A young adult in their home.
Student loan payments are set to resume in October, and that will weigh further on home affordability.
Gen Z and millennials looking to buy a home will be squeezed particularly hard.
A recent Moody’s report found roughly 5 million borrowers will resume paying about $275 a month.
The housing market is already historically unaffordable, but for Gen Z and millennial Americans it’s about to get even more difficult to navigate once student loan payments resume in October.
Millions of student loan borrowers have enjoyed the pause in payments since March 2020, but the end of that moratorium will deliver a “major financial shock” to young adults, according to Moody’s Analytics.
Individuals born from 1979 through 1998 in particular will have to balance resumed payments with increased costs of living and inflation.
A recent American Community Survey found that one out of three Americans is now between 20 and 44 years old, and this cohort carries the largest share of student loans — and will likely have to sacrifice some quality of life come next month.
Student loan payments are set to resume in October 2023.
Moody’s Investor Service
In July, Moody’s economists led by Thomas P LaSalvia and Nick Villa forecasted that as many as 5 million student loan borrowers will need to resume payments close to $275 per month on average. That amounts to about 0.25% of GDP.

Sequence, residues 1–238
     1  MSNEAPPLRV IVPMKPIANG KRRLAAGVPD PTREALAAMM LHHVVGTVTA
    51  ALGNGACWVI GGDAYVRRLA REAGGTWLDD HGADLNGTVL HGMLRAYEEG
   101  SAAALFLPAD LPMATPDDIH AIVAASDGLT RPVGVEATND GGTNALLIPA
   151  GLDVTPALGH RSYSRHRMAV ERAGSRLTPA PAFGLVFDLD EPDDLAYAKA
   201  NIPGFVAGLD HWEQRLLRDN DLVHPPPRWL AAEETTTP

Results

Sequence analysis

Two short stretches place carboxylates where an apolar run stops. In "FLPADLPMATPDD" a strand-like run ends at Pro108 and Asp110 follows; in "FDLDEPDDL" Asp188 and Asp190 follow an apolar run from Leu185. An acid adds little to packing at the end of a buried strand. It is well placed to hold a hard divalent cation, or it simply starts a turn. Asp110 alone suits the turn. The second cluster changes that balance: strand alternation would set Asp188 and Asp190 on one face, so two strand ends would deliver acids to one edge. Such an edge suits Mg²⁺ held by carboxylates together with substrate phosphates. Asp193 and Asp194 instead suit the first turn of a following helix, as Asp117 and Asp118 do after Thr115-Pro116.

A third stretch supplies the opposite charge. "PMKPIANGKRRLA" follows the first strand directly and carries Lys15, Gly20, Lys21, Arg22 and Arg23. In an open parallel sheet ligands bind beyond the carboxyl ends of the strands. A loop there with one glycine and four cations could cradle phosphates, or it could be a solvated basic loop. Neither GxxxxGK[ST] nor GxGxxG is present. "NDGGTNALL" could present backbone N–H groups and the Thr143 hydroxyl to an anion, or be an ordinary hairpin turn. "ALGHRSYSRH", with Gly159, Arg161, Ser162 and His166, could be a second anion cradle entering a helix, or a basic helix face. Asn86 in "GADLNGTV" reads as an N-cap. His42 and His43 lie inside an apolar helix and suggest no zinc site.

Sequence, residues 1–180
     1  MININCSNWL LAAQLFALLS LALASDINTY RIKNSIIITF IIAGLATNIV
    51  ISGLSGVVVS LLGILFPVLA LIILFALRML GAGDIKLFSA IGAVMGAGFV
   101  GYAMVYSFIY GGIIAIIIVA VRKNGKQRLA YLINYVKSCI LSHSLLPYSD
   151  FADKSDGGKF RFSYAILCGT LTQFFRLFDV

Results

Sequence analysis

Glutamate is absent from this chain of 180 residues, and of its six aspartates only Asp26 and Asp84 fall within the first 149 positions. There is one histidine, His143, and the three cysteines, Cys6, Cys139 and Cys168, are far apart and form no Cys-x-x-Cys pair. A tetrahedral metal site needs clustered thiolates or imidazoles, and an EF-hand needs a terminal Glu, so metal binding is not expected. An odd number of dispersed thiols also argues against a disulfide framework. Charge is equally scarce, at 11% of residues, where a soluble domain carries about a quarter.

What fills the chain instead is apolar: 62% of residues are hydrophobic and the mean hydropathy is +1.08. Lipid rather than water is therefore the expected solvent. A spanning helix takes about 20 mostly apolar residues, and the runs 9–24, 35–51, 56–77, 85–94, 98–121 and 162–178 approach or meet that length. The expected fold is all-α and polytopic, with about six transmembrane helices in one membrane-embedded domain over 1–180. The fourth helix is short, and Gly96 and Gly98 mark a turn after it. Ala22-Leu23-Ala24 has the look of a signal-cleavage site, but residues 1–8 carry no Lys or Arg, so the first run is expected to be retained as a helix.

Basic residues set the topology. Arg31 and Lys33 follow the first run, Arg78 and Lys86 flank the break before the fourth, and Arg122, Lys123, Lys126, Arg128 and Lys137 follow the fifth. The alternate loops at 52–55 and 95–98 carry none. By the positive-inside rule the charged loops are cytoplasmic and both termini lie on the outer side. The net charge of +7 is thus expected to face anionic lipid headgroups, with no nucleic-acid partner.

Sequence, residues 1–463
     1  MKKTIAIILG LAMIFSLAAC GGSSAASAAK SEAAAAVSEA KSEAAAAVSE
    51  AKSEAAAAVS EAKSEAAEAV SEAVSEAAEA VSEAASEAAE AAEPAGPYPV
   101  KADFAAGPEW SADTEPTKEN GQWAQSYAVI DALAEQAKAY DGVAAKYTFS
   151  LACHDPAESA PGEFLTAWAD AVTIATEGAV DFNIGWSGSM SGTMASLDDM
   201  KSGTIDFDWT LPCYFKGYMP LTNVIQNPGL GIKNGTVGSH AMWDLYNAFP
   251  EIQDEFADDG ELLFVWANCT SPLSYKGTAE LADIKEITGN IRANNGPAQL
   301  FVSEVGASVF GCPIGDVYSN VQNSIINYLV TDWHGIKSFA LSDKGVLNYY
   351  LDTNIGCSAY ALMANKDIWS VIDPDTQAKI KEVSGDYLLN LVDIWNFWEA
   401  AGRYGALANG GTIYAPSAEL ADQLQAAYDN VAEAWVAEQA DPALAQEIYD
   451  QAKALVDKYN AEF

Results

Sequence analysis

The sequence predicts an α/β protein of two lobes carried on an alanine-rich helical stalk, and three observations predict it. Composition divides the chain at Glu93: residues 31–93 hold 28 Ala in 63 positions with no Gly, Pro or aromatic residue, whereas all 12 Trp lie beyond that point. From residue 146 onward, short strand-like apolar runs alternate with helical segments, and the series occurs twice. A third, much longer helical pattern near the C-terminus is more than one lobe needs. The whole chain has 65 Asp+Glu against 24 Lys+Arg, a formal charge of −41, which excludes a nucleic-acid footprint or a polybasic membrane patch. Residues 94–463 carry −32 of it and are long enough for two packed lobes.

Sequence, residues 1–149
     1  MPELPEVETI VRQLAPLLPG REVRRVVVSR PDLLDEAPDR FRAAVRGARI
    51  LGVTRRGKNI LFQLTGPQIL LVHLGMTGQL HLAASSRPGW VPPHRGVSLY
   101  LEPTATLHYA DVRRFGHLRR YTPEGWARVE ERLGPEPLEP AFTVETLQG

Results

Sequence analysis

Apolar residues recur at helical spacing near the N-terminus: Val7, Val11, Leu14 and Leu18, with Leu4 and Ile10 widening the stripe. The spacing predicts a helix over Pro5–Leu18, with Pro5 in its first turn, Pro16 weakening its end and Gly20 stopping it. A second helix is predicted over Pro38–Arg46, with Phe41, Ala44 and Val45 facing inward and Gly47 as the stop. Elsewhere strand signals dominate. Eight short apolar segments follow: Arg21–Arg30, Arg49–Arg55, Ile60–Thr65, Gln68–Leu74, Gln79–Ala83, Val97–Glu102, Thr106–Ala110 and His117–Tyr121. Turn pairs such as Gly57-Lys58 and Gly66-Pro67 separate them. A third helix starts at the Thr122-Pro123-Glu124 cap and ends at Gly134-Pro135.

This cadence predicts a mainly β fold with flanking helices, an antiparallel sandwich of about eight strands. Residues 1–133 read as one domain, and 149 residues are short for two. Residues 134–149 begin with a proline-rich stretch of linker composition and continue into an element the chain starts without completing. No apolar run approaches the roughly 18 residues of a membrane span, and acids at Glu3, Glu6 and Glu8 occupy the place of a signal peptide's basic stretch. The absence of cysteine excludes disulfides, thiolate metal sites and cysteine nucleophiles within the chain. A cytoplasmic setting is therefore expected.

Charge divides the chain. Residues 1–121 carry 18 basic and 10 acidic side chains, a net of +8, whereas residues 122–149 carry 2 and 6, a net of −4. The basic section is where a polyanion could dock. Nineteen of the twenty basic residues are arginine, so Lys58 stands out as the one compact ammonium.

And, on average, a median-income household spends about 30% on renting an apartment, and that additional monthly debt payment will cut into that.
Here’s what Moody’s concluded:
“Under the assumption that total household income does not change by the end of student loan moratorium and the percentage of total income needed to pay rent also stays the same, the monthly reductions from resuming student loan payments will slash any financial buffers, forcing households to cut back on discretionary spending or face difficult housing decisions such as trading down from Class A to Class B/C rental units, or even having to share a unit with family or friends to avoid homelessness.”
As things stand, mortgage rates are hovering near two-decade highs and housing inventory is extremely tight. That’s created a lock-in effect — current homeowners don’t want to move because they secured lower interest rates previously, and that’s keeping homes off the market and reducing options for house hunters.
Not only that, but starter homes that are traditionally affordable have become more expensive than ever.
In 2023, the income needed to purchase a typical starter home — which is what many millennials and Gen Z buyers do — increased 13% compared to last year, to $64,500.
All told, student loan payments are just the latest variable that’s keeping would-be buyers sidelined from the housing market.